This is, of course, heretical nonsense. And yet, and yet, heresy aside, this is a morally interesting reading of Luke’s gospel. It is, among other things, a liberalizing force that continues to compel us to widen our circle of empathy to those traditionally considered other, outsiders, even outcasts. We are to love strangers; even more than that, we are to love those whom we are told are our enemies; we are—as the Psalmist says—to “give justice to the weak and the orphan” and “maintain the right of the lowly and the destitute”, even when they are from a different religion, a different cultural background, a different psychological disposition, even when they share different beliefs and values and preferences. Looking back at the history of this country, we can—British Christians—be proud of the part we played in the expansion of moral inclusion: in the abolition of slavery, the decriminalization of homosexuality, the education of children from the lower classes, and the promotion of religious freedom for non-Christians. We can and should also be ashamed of the many times we have fallen short of this call, times when others have had to rescue the weak and needy from our wicked hands. Perhaps most importantly, we can and should and must bear this reading of this parable in mind looking forward, as we continue to engage with issues of immigration and religious pluralism and socioeconomic inequality and gender and sexuality. Whom are we to love? Our neighbours, Christian or otherwise, poor and rich, women and men, gay and straight, politically liberal and conservative, culturally alien and familiar.

It is a morally exemplary ideal, and yet we—like Pelagius—have things the wrong way around. The logic of salvation—of life, eternal and abundant—is precisely not that it is conditional upon our successfully loving everyone, beyond familial and familiar borders, across lines of ethnicity and enmity. Rather, as our spiritual fathers and mothers knew, the freedom to love beyond our nature is the consequence of salvation, not its causal antecedent. And so to ancient eyes, from Irenaeus to Clement, Origen to Augustine, it is not the Good Samaritan that we are meant to identify with, but the traveller on the road to Jericho. Far from being equipped with steed and ointment, we are abandoned empty-handed, unable to move for ourselves. Far from being generous and kind, we are at the mercy of the improbable kindness and generosity of passers-by. We are, according this oft-forgotten reading of the Parable of the Good Samaritan, neighbours to Christ who binds our wounds and saves us, bringing us to safety at great price. To the lawyer’s question—Who is my neighbour?—Jesus tells a parable in which we are his neighbour, whom he loves as himself.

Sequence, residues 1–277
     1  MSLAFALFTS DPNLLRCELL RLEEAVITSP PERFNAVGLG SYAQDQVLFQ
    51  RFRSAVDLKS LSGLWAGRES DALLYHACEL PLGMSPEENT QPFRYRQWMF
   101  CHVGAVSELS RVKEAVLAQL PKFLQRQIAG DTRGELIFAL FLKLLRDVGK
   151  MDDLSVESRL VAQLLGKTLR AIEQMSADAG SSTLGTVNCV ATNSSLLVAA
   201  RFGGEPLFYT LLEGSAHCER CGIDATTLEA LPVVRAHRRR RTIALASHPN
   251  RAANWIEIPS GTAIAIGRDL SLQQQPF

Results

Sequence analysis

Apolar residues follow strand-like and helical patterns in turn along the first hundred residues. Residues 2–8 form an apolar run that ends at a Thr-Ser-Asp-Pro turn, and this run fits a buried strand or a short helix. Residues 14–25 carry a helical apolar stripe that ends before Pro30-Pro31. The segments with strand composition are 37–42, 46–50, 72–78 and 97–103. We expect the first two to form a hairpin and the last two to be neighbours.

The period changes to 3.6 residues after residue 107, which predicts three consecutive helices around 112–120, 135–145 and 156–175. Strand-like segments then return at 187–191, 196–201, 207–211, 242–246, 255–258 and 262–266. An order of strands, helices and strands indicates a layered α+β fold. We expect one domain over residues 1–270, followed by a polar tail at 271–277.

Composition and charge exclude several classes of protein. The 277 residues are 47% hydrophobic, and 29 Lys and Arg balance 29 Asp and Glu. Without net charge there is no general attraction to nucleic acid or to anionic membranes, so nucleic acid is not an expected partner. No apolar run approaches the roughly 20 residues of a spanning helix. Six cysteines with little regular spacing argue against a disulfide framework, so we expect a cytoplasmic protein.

Who is my neighbour?

By which he really means:

how am I to be saved?
how am I to obtain this new kind of life?

On this ancient interpretation, life is given, not earned; the wayfarer does nothing but receive the generous intervention of one from whom he is meant to be estranged. It is, that is to say, the diametric opposite of the Pelagian view. The gospel of self-sufficiency and individualistic independence is, whatever its merits, not the gospel handed down to us from the apostles. Jesus’s answer to his interlocutor’s real question—What must I do to inherit eternal life?—is to tell him how a good stranger pulls us out of death and darkness, who bears our burdens and loves us with reckless abandon. What must we do to inherit eternal life? Nothing. It is only upon hearing this good news that the next question can be asked: whom must we love? Everyone.

Now, go and do likewise.

In the name of the Father, and of the Son, and of the Holy Spirit. Amen.